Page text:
Zinke confirmed as interior secretary, oversees Bureau of Indian Affairs

Former Navy SEAL and Montana senator Ryan Zinke to oversee one-fifth of United States as interior secretary

Interior secretary Ryan Zinke, in a 2016 photo, has raised some concerns among enviromental groups, but promised to be true to the vision of Teddy Roosevelt in his new job. Photo/Gage Skidmore, Creative Commons

Interior secretary Ryan Zinke, in a 2016 photo, has raised some concerns among enviromental groups, but promised to be true to the vision of Teddy Roosevelt in his new job. Photo/Gage Skidmore, Creative Commons

WASHINGTON D.C. — In a 68-31 vote, the Senate confirmed Montana Congressman Ryan Zinke as interior secretary March 1.

Zinke was elected to the Montana State Senate in 2009 and served one term before being elected as a U.S. Representative from Montana’s at-large district in 2014.

As interior secretary, Zinke will oversee about one-fifth of the U.S. through the Bureau of Land Management, the U.S. Geological Survey, the Bureau of Indian Affairs and the National Park Service, among others. The Interior Department is also responsible for implementing the provisions of the Endangered Species Act, which Republican lawmakers have signaled they want to overhaul in the 115th Congress.

Zinke has drawn criticism from conservation groups — in the past, he has supported more mineral and oil extraction on federal lands, and he testified in his confirmation hearings about his opposition to the Obama administration’s moratorium on new coal mining leases on federal land, the ban on oil drilling in Alaskan and Arctic wildlife refuges and Obama’s use of the Antiquities Act to set aside vast swaths of land in the West as national monuments. Zinke has said one of his first actions will be to visit with Utah legislators about the possibility of repealing the designation of Bear’s Ears National Monument.

“Zinke champions turning control of public lands over to states and private interests to greatly increase logging, livestock grazing, mining and oil and gas drilling while significantly reducing environmental protections and public input,” said Kierán Suckling, executive director of the Center for Biological Diversity. “Under such a scheme, the federal government, taxpayers and wildlife would bear the costs through nominal retention of land title.”

Zinke has testified that federal lands should be managed under a multiple use ideology — balancing the protection of the habitat and the indigenous wildlife with recreational use by sportsmen and visitors and energy production.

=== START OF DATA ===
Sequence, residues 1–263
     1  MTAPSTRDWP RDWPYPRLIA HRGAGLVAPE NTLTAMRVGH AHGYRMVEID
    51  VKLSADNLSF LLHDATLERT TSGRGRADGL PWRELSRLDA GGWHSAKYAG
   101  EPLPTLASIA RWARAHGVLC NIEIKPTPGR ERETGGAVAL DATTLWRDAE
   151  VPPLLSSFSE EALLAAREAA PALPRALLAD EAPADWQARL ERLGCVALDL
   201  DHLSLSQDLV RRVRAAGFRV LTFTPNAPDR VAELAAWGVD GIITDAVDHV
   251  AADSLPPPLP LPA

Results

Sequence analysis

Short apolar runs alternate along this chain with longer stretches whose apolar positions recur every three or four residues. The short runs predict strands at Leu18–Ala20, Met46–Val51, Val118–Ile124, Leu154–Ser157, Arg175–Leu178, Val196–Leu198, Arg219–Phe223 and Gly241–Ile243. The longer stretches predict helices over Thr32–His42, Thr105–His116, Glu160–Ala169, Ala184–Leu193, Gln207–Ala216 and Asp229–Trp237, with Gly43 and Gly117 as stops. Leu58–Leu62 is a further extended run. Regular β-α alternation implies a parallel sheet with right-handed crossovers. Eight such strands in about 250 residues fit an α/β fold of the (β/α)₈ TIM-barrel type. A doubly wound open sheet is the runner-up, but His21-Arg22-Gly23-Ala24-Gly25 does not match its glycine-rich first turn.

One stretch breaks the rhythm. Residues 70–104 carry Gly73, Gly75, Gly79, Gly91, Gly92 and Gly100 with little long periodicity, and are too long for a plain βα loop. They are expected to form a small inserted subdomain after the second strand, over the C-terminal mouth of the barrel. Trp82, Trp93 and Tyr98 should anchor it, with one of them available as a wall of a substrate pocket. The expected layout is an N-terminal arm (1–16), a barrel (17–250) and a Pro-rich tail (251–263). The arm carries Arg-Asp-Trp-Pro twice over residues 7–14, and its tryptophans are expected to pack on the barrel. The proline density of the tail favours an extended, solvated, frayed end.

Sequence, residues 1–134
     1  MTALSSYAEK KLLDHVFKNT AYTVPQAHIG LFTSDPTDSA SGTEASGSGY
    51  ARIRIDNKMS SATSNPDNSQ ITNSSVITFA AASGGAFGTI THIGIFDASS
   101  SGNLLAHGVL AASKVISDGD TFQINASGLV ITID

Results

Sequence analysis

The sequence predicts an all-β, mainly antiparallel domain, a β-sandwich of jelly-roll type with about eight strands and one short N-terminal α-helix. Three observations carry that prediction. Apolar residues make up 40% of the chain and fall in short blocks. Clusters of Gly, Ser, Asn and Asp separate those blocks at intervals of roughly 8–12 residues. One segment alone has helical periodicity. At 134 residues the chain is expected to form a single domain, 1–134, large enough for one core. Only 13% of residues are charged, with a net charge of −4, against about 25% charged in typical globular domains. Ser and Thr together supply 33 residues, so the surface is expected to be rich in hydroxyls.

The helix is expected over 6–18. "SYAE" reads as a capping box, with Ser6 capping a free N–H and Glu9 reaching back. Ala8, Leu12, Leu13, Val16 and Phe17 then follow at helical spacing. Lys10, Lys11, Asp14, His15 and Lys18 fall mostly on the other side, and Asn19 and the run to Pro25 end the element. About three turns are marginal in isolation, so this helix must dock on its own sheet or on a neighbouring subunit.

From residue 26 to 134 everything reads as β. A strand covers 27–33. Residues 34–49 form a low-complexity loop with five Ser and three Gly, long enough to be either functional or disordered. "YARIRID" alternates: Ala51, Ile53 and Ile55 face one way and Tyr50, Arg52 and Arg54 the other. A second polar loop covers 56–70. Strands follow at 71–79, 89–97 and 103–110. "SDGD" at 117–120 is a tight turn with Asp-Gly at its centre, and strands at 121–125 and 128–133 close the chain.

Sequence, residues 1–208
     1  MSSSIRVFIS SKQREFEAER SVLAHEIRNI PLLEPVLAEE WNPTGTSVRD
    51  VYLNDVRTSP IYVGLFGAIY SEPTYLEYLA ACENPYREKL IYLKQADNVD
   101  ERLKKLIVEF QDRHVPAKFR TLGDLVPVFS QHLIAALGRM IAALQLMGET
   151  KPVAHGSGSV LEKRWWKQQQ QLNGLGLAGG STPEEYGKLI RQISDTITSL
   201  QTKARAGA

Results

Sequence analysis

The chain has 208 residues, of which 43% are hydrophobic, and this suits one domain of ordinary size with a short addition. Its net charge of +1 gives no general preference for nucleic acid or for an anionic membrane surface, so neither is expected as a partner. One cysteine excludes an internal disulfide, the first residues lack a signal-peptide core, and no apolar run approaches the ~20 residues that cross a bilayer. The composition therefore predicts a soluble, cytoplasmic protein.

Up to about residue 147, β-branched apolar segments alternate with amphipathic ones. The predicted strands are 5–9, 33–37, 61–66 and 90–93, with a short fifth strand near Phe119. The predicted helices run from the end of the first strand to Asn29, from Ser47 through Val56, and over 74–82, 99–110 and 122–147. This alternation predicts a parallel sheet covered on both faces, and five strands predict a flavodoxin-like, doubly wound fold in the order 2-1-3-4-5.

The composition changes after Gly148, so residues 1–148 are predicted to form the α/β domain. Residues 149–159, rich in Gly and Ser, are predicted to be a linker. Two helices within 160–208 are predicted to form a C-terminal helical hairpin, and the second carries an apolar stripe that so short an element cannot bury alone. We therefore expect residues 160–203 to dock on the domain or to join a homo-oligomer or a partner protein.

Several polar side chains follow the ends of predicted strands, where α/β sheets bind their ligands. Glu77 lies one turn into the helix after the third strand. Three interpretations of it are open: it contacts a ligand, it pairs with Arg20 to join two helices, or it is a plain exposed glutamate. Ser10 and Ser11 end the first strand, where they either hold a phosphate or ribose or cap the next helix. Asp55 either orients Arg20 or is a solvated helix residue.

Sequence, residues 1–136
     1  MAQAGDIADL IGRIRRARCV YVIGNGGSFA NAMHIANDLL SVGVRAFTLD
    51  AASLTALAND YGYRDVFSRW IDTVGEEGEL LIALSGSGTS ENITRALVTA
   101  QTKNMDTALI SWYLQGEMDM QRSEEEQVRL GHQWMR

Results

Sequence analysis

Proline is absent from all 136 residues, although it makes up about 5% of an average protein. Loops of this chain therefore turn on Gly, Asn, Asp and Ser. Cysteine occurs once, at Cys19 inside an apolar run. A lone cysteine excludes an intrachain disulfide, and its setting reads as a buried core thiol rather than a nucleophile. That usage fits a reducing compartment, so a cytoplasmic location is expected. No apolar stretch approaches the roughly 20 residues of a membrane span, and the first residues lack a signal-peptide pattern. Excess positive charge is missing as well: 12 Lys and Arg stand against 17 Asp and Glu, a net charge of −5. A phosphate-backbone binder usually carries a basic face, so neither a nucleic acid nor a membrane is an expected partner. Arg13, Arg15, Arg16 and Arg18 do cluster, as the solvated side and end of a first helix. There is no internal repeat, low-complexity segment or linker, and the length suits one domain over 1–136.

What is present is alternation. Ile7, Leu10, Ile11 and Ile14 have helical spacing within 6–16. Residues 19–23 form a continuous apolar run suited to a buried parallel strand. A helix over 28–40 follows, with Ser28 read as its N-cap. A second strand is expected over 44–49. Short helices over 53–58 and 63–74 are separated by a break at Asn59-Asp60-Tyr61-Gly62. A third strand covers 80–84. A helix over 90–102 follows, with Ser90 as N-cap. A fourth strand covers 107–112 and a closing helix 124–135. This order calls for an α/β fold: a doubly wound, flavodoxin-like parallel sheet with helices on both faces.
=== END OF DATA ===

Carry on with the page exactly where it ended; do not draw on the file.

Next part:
But Zinke has also testified that he firmly opposes carving off federal lands in favor of state or private interests, a stance that coaxed 16 Democrats to support his nomination. He also breaks with the administration on the notion of climate change, which is supported by around 97 percent of climate scientists, according to surveys in scientific journals compiled by NASA. While the president has called climate change a hoax, Zinke has said that he does believe the climate is changing, although he’s not sure to what extent humans are culpable.

Some members of Congress expressed concerns about Zinke’s support of the expansion of oil drilling and mining

Zinke has also repeatedly said he plans to address the maintenance and infrastructure backlog at many of the country’s national parks, which by some estimates has grown to nearly $13 billion.

Zinke is a fifth-generation Montanan, raised in the small town of Whitefish sandwiched between Glacier National Park and Kootenai National Forest. He has described himself as an avid sportsman with a love of hunting and fishing and a strong desire to conserve wilderness areas.

In his memoir, “American Commander,” Zinke said an Eagle Scout project at a local river near his home “steered him toward a lifetime of conservation values.” Zinke was recruited to play football at the University of Oregon in Eugene, where he graduated with a Bachelor of Science degree in geology in 1984. He went on to obtain an MBA from National University in 1993 and a Master of Science in global leadership from the University of San Diego in 2003.

Before being elected to public office, Zinke, a 23-year Navy SEAL, served from 1986 until his retirement in 2008. After graduating from SEAL training in 1986, Zinke served with SEAL Team One and the United States Naval Warfare Special Development group (often referred to as SEAL Team Six).

In 2006, he established the Naval Special Warfare Advanced Training Command, a graduate school offering over 43 college level courses to more than 2,500 students each year at 15 locations world-wide. He is the first Navy SEAL hold a Cabinet position.

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